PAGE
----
South Australia's Dabinett family is shifting away from irrigated horticultural enterprises to using this valuable water infrastructure to underpin livestock and broadacre cropping systems in the Mallee region.
Diversification has been an integral part of their mixed farming philosophy as they have strategically aggregated 7500 hectares of owned and leased dryland and irrigated properties in the area for production of cattle, sheep, potatoes, winter grains, summer crops, legume pastures, oilseeds and hay.
Most growers around the Parilla area, where the Dabinett's Longtrail Farms is located, are using irrigation for horticulture.
The Dabinetts started down this path in the late 1990s, investing in irrigation infrastructure for potatoes to complement their grain and livestock operation.
But in the past five years, there has been a change in the family's strategy to improve productivity by converting watered area to livestock - and specifically to expand the cattle side of the business.
The fourth generation of Wade, his wife Hannah, brother Nick and sister-in-law Emma - together with their parents Russell and Leanne - are now actively in the process of developing a cattle trading system for mated heifers and steers.
This is predominantly based on using the region's popular Angus breed.
With capacity to irrigate 2000ha, the Dabinetts are actively using 200ha for cattle that was previously dedicated to potatoes.
Wade Dabinett said they had also established containment areas for finishing up to 1000 head of cattle to complement a self-replacing sheep breeding enterprise comprising 6000 ewes.
He said the evolving cattle side of the business was based on feeding stock on irrigated lucerne and then finishing them in the dedicated containment areas using hay and grain produced on the farm.
"The overall idea is to maximise the amount of feed we have at any time during the year - in terms of irrigated and dryland pastures, hay stocks and feed grain - and then optimise the number of stock to match the feed base," he said.
"This means we are buying and selling all the time, depending on the time of year and seasonal conditions."
The Dabinetts are developing a solid base of regular cattle suppliers, mostly from southern and western parts of Victoria and South Australia, who they know use good genetics so that the stock perform in the finishing phase.
A new focus is to mate externally-sourced female weaners and young heifers to Angus bulls that they regularly buy from the SA-based Bull Oak Well stud and then sell these in-calf about 12-18 months later.
"Our relationship with Heath and Amanda Nickolls at Bull Oak Well stud is vital to be able to on-sell the heifers with confidence that we know the customers will not have issues with calving and that the genetics are well sought after," Mr Dabinett said.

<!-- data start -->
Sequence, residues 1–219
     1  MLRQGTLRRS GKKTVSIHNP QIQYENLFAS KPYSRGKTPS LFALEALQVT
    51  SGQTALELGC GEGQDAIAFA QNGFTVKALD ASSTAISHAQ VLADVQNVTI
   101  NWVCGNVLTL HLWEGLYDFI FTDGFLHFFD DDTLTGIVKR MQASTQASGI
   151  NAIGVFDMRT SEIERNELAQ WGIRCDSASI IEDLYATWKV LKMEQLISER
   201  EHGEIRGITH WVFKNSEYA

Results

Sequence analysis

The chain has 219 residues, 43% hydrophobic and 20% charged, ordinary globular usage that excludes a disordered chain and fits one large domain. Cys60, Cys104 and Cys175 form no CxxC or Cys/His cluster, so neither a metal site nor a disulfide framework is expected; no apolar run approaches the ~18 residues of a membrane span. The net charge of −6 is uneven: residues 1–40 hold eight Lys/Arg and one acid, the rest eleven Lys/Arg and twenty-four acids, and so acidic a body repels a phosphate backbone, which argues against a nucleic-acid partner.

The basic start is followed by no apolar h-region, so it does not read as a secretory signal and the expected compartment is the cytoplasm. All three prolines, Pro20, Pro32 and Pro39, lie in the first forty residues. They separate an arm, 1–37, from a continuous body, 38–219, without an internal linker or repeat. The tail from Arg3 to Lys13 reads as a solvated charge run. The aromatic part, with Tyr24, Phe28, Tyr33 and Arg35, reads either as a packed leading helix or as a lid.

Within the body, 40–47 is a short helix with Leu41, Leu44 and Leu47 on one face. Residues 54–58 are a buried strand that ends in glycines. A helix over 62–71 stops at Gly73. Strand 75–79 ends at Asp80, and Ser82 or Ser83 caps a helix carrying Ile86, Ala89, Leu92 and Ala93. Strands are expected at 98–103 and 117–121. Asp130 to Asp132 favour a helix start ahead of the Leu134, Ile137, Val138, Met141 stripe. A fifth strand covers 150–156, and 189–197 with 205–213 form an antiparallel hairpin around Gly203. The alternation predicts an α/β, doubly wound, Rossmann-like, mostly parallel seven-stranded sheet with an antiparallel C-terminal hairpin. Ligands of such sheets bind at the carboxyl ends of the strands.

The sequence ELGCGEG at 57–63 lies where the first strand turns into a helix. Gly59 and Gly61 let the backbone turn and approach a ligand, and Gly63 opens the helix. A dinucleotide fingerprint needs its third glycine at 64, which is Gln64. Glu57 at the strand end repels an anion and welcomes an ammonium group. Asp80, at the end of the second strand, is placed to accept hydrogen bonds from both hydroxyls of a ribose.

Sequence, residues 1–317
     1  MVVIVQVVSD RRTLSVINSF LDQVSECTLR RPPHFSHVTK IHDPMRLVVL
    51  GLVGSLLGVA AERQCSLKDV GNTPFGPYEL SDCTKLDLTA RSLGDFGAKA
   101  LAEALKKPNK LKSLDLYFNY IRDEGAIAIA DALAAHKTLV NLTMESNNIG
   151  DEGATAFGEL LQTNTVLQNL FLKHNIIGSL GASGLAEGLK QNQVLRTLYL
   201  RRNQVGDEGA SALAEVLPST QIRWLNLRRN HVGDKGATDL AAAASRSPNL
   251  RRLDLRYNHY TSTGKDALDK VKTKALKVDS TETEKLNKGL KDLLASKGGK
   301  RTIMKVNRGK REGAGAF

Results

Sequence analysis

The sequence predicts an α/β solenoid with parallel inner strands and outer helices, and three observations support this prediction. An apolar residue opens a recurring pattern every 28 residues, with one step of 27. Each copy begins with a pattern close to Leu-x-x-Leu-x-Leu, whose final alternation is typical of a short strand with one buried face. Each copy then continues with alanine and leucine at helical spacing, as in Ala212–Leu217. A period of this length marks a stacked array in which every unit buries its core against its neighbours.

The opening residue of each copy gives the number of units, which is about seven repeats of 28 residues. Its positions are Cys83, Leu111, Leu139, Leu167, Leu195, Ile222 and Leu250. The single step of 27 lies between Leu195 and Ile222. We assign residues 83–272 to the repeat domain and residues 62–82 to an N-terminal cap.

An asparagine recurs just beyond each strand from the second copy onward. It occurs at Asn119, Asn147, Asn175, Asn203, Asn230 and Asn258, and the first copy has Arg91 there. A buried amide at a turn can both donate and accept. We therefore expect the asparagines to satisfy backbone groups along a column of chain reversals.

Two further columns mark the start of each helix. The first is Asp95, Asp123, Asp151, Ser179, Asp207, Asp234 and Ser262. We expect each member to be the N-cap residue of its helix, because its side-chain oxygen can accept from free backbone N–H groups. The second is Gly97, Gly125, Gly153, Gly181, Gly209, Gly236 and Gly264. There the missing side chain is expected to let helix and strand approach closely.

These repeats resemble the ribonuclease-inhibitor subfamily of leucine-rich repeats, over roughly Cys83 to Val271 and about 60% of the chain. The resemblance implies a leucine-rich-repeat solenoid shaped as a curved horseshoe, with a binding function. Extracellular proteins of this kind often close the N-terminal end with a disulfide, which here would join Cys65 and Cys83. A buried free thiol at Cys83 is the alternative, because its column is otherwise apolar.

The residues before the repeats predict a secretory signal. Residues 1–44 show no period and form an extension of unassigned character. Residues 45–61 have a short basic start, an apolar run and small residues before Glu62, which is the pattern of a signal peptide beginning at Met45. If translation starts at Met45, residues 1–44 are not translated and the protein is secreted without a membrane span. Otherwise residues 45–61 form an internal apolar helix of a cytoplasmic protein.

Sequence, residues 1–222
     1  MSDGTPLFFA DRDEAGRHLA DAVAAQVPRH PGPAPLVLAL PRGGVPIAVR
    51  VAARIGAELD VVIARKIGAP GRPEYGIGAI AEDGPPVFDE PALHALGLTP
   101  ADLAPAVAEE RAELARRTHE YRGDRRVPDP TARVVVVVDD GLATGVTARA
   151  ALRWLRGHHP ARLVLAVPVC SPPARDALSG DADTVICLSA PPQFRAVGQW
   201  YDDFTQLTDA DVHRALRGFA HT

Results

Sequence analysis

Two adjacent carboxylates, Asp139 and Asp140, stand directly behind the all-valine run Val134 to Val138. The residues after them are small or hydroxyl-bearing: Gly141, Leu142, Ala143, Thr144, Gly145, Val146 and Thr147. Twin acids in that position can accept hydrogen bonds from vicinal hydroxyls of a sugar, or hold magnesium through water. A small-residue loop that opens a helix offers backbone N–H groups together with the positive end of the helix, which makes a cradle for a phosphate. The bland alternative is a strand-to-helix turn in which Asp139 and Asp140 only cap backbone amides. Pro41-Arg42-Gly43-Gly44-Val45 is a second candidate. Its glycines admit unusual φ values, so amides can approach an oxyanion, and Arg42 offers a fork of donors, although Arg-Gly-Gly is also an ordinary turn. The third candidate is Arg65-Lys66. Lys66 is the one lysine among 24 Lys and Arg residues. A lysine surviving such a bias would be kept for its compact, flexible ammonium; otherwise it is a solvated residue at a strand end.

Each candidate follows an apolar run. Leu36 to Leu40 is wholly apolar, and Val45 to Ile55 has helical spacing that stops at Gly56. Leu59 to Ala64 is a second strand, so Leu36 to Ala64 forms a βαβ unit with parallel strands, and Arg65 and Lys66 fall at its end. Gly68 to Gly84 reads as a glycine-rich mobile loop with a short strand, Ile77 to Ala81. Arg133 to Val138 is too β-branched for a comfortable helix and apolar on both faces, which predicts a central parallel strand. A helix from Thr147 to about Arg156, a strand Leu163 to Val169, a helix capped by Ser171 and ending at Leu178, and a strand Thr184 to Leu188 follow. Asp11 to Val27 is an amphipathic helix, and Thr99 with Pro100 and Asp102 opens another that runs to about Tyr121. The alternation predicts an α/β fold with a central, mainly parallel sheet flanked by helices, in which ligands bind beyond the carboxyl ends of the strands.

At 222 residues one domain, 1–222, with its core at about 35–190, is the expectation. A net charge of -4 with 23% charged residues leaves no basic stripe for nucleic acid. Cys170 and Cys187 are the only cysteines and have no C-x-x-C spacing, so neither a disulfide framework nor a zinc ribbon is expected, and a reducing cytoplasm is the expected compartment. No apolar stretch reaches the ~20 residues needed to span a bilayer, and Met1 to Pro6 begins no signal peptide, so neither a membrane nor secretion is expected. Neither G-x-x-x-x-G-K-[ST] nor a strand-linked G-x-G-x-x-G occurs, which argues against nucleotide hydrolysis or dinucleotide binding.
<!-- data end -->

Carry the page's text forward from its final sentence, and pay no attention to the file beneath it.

He said the heifers and weaners are typically sourced in November and December, fed until joining and then run on irrigated and dryland pastures before being sold at mated female sales.
"The market for mated heifers is exceptional at present," Mr Dabinett said.
"This is being driven by a huge demand for quality breeding stock, backed-up by strong industry confidence in markets holding-up right along the east coast.
"It is not an easy system to manage, but it is a high-value product.
"We have to be very mindful when buying-in females in such a high-priced market that we will get a return at the other end.
"This is totally dependent on careful and considered selection with assistance from our agents Spence Dix & Co.
"Without Craig Escott and the team's knowledge, network and support this enterprise in our business would not exist.
"We need well-bred animals and we find Angus genetics are the most popular with buyers."
The family is also continually buying-in steers and other classes and ages of stock with an Angus background.
"We just find the Angus cattle do well and meet the requirements of our customers, which include feedlotters, processors and direct supply to other graziers," Mr Dabinett said.
"We can be holding and feeding for a long period, or turning them over quickly.
"It just depends on what feed we have and the market conditions- as well as demand from feedlotters and other finishers.
"We are building-up a great database of suppliers who we know are going to deliver the quality stock we are seeking."
When buying-in steers, the Dabinetts will typically background them on irrigated or dryland pasture and finish on grain and hay for the final 90-odd days before on-selling.
All rotations, entry and exit points are determined by regular weighing and assessment of feed availability and quality.
"Because we are weighing the stock all the time, we soon get to know which cattle are performing and where these come from," Mr Dabinett said.
"Our whole trading system relies on using stock that will deliver in a short period and get to an optimal saleable product for our downstream customers.
"Then the feeding regime depends on the time of the year and what the paddocks have on offer.
"We have also used waste potatoes as a feed, further value-adding to this resource that has used precious irrigated water supply."
The Dabinetts have been concentrating on growing the most productive lucerne varieties under pivots for cattle fodder, but are considering trials of summer sorghum and species mixes to get the best outcomes in winter and summer
Their marketing strategy is very much about being flexible and responsive to conditions - both pricing and environmental.
With a staff of more than 10 full-time employee equivalents and the fifth generation of farmers lining-up behind them, the Dabinett brothers and their parents are committed to continuing to refine their system and manage risks by having a diversification approach.